On the Threshold of the Adoption of Global Antibribery Legislation: A Critical Analysis of Current Domestic and International Efforts toward the Reduction of Business Corruption

By George, Barbara Crutchfield; Lacey, Kathleen A. et al. | Vanderbilt Journal of Transnational Law, January 1999 | Go to article overview

On the Threshold of the Adoption of Global Antibribery Legislation: A Critical Analysis of Current Domestic and International Efforts toward the Reduction of Business Corruption


George, Barbara Crutchfield, Lacey, Kathleen A., Birmele, Jutta, Vanderbilt Journal of Transnational Law


I. INTRODUCTION

As never before, current socio-political, economic, and technological changes are having an impact on domestic and international attitudes toward business corruption. This has precipitated a recent dramatic increase in anti-corruption activities within the United States and by international government and non-governmental organizations. A relevant question to consider is what factors have caused the current change in attitude. An answer to this question is found through an evaluation of a multiplicity of significant changes in the environmental framework for international business.

As the first antibribery legislation of its kind worldwide, it is necessary to start the examination of environmental changes with the 1977 Foreign Corrupt Practices Act (FCPA or the Act),(1) which, in response to criticisms from the U.S. business community,(2) was amended in 1988.(3) Few legal actions were ever brought under the provisions of the 1977 FCPA by either the Department of Justice (DOJ) or the Securities and Exchange Commission (SEC) from the initial passage of the Act to the time of its 1988 amendments.(4) Until recently no other country was willing to consider following the lead of the United States in adopting prohibitions against bribery. In fact, some countries continued their practice of allowing the tax deductibility of bribery payments.(5)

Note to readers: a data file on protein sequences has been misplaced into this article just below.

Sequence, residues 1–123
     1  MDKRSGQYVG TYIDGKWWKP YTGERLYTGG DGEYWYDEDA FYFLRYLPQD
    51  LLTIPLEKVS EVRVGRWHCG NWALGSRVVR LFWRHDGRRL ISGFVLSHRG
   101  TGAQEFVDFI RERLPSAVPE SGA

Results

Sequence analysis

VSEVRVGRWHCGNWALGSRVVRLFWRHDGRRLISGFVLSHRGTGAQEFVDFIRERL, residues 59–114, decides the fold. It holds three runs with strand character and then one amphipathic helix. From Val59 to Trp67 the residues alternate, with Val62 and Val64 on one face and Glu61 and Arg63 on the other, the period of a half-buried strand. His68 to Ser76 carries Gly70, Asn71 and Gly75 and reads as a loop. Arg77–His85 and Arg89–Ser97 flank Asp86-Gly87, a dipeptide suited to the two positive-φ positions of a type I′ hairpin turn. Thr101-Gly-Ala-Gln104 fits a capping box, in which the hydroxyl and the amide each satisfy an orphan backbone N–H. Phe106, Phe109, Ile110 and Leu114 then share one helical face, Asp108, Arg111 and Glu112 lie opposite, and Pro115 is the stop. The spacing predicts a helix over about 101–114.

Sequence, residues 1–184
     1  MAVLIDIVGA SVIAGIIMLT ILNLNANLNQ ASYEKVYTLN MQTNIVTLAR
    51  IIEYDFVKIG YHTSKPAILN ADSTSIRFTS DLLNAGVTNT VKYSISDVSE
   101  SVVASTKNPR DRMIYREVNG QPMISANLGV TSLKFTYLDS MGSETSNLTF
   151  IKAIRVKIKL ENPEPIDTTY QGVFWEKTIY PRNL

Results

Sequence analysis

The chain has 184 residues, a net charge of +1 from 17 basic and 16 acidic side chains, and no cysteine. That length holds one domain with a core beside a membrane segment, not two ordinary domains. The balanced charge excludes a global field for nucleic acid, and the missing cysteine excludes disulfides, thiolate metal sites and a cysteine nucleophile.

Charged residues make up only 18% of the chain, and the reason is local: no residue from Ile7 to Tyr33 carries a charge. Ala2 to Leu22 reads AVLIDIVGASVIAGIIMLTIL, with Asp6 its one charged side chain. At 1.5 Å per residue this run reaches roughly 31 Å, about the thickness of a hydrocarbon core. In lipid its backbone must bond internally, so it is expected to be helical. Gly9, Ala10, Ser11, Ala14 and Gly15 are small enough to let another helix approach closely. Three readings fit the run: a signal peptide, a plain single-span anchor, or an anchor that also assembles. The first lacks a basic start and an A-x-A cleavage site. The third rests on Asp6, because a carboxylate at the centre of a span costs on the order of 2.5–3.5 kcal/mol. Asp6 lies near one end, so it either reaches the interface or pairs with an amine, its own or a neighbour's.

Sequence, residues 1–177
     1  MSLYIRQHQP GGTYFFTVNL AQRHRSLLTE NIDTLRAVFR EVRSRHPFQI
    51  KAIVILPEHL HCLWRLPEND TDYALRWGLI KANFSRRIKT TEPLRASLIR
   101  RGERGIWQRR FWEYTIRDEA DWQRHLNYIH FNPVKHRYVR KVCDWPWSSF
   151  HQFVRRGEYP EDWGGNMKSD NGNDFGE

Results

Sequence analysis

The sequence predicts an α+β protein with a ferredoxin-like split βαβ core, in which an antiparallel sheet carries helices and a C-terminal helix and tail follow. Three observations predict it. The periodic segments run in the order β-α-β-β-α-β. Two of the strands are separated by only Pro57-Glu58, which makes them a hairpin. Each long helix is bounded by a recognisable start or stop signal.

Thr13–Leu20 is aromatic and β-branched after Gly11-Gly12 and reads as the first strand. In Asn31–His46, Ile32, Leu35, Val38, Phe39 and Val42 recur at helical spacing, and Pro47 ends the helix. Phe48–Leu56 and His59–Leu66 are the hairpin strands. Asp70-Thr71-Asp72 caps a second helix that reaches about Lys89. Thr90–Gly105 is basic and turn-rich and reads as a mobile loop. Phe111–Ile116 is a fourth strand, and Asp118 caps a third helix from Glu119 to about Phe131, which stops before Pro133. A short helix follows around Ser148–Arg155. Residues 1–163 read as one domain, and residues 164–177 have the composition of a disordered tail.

Only since 1989 has the interplay of various dynamics led to a more negative global perspective regarding corrupt business practices and a marked increase in anti-corruption activity domestically and by international governmental and nongovernmental organizations. Such dynamics include: the model provided by the FCPA since its adoption in 1977 and the more aggressive enforcement of it in the last decade; the transition of many former socialist countries to market economies at the end of the Cold War; the increased integration of Europe; the proliferation of international mergers; the advent of a borderless global market enhanced by technological advances; and a developing worldwide awareness of the economic costs of corruption.(6)

This Article will 1) briefly discuss domestic U.S. anti-corruption efforts through a review of the substantive content of the 1977 FCPA and its 1988 amendments; 2) evaluate indicators of changes in domestic attitudes and policies toward business corruption as evidenced by the breadth and scope of recent increased enforcement activities of DOJ and the SEC; 3) analyze the factors causing recent changes in international attitudes and policies toward business corruption; and 4) examine the resulting international efforts to combat business corruption by governmental and non-governmental organizations, financial standard setting organizations, and financial institutions.

II. DOMESTIC EFFORTS TO ERADICATE BRIBERY

A. Domestic Legislative History

It is important to examine the legislative history of the FCPA in order to fully understand the current domestic efforts--since the 1988 amendments--to eradicate bribery, as well as to analyze the statute's impact on international anti-corruption efforts.

U.S. attention first focused on business corruption with the discovery of massive bribery by the U.S. business community during the "Watergate" scandal in the early 1970s. During the investigation of illegal campaign contributions made to Richard Nixon's campaign for a second presidential term, it was discovered that at least twenty-five of America's largest companies were making illegal contributions, including American Airlines, Ashland Oil, Exxon, General Motors, Gulf Oil, International Telephone and Telegraph, Lockheed Aircraft, and United Brands.(7)

In addition to the discovery of illegal campaign contributions, the U.S. government(8) discovered that the practice of offering kickbacks and making cash gifts in exchange for business was simply part of the modus operandi.(9) When the Watergate scandal occurred, the United States had no laws prohibiting multinational companies from bribing foreign officials to obtain favorable consideration on contracts and other business transactions. …

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